1. An understanding that I enjoy code, but as a creative endeavour, rather than a technical one. I’ve always enjoyed coding because it allows me to create things, and I don’t enjoy it when what I’m making doesn’t make some kind of sense to me. I went back to Uni because of this. I understand stakeholder needs because of this. It’s what I look for in new coders. But it’s never something I was taught, or thought you could take qualifications in (except academically).

  2. A realisation that I have a bit of a language barrier at the moment, which is why I’ve been talking about things like job titles recently. I’ve also got similar thoughts about things like "Sustainability" though, which I should blog about. I really can’t decide if it’s better to use other people’s terminology up-front, or force through my own, garbled vocabulary.

  3. Some scribbled notes about practical ideas. Write more blog posts. Form more relationships. Make time for this stuff, otherwise I’ll just be wishing I was doing it.

  4. The chance to look back over some of my written notes from the last few years, and the hindsight to filter these better.

Hindsight is important. It’s an artefact of the journey being a slow one, one which develops at its own pace (albeit marginally influenced by how quickly you Get On With It). Hindsight comes from experience, and experience comes from doing, but also reflecting.

Despite the world wanting to get faster constantly, this process isn’t one which benefits from increased speed and more convenient technology.

And that’s OK.

Weeklinks 2024-03-15

Things being published

Overview of an image by Richard Littler, showing a hand drawn shelving unit with may items in very fine detail.

Who am I anyway

"My goal is to strip away anything that takes the focus away from my subject. My tip would be to only do what is necessary to convey the feeling you want in a photograph" (Black & White Photography magazine 200)

Some amazing portraits on his site, such as the one below, but also I’m thinking a bit about how the idea of "feeling" comes first here. How can this be applied to other aspects of life too?

Portrait of a person covered with a long hood, staring straight into the camera with a neutral expression.

  • This is hitting home hard right now: Being Glue, or the value of generalisation and joining-the-dots, and how it largely goes against how we see careers and job roles.

  • Nice quote: "Whenever you try to change an organisation it’s important to remember that the pace of change will feel glacial to those trying to effect the change, while at the same time feeling rapid and relentless to those affected by it."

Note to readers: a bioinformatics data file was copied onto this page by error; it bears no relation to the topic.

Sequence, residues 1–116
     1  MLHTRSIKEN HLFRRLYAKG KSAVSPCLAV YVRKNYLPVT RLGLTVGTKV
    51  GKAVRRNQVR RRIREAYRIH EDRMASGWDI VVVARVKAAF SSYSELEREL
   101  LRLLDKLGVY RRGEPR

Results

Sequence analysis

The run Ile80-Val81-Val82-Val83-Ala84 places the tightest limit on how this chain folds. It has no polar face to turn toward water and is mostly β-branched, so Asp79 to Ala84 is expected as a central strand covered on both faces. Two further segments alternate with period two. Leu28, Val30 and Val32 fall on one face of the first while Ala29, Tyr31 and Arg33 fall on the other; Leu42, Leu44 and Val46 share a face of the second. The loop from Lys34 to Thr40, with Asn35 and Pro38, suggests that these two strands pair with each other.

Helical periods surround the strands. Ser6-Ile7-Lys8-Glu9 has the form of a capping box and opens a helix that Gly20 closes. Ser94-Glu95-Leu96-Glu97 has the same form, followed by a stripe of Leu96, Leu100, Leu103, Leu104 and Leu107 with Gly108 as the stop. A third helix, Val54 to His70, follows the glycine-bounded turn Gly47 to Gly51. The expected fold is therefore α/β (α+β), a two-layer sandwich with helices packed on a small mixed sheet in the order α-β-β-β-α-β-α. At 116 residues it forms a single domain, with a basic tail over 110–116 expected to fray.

Future lives


Two stick people talking. One says "When a metric becomes a target, it ceases to be a good metric." The other replies, "Sounds bad. Let's offer a bonus to anyone who identifies a metric that has become a target."


Deprecated. Too Depressing

The Use and Abuse of Job Titles

Every few months I go through some kind of seasonal cycle of trying to reinvent myself. From the outside, I’m fairly sure nothing much changes, but I think it’s good to avoid trapping your own identity inside too much routine, so I don’t feel like it’s wasted time. The modern world thrives on progress and change, and it can be a very useful exercise to regularly review our own understanding of it – and how we see our place and role within it, both globally and locally.

This is especially so now that I’m freelance. A friend pointed me at Amy Hupe’s talk on the meaning of work recently, where she looks at the finding one’s purpose, and the challenge of moving away from more formal workplace feedback structures – clear titles, role progression, annual reviews, and so on. Understanding myself might be very different to how clients, partners and others see me, but it’s also the core which drives the reason for doing anything. Values, beliefs, principles – reflecting is just a way to make some kind of sense about why we make any single decision about our own life.

Over on Mastodon, I half-joked about trying out a different job title each day, to see how each one felt. The first was "Software Engineer and Digital Existentialist", and I kind of like that, in a semi-pretentious way. I don’t know which half is more vague though, but I do know which one is more acceptable, professionally. Use familiar words, and people will be more accepting, and carry on talking about something else. Maybe that’s not a good thing in a world which needs fresh, unexpected skills though? Maybe the use of disruptive job titles is a way to promote different paradigms and approaches to work in others?

Coincidentally, Pilita Clark also posted an article in the FT (paywalled) on The menace of the overblown job title, looking briefly at how words such as "Lead", "Manager" and "Global" are proliferating in many sectors (often instead of greater role clarity, or remuneration). And perhaps herein lies the difference between titles we give ourselves versus titles others hand to us. Is all of this just signalling, and if so, how best to achieve cohesive signalling that speaks to both our own inner self, and to others?

I’ll be thinking more about this over the coming week, as people keep asking me what I "actually do". Honestly, right now – as with the last few years of freelancing, and the 20 years of work before that – I’m still figuring it out myself. I know "technology" is fascinating and something I enjoy doing, to the point where I could happily call it "techne" instead. I know "making things better" is also in the mix, especially for the generations which come after us. Those are fundamental and immovable.

Anyway, I’ll post properly soon, but if you do know what I do and need some help with old code, frustrating websites, techical debt, carbon footprints, or changing the world of the future, then do get in touch. I have some availability coming up from next month, and would love to chat.

Weeklinks 2024-02-23

What’s been beeping the radar the last few weeks?

Cross the disciplines

Climate and feedback loops and fish food

Energy and efficiency

Software security

Random tales

Weeklinks 2024-02-09

Making an effort to post these links more regularly, but my track record for routine isn’t the greatest.